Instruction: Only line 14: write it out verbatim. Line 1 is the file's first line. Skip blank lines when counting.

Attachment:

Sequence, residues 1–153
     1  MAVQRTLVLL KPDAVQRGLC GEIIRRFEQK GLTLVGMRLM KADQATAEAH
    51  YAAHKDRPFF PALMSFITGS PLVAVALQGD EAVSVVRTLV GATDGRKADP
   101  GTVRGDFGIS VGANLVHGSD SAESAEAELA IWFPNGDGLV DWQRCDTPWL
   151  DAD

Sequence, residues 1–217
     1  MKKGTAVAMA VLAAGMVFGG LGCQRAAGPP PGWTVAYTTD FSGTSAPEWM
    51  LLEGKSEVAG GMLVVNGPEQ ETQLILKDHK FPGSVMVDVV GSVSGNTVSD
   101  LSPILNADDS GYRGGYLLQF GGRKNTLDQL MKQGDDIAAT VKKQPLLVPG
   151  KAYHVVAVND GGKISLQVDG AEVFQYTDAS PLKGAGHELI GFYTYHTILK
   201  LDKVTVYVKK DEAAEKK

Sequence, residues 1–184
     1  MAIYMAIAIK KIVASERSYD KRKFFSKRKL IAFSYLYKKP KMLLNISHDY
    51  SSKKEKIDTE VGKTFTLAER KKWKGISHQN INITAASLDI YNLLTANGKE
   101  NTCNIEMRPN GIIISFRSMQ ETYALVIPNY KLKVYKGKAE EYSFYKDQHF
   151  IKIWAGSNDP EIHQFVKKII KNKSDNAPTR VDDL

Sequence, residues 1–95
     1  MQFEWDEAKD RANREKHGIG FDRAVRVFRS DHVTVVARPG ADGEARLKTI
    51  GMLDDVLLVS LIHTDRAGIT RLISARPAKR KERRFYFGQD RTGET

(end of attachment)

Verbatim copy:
    51  SSKKEKIDTE VGKTFTLAER KKWKGISHQN INITAASLDI YNLLTANGKE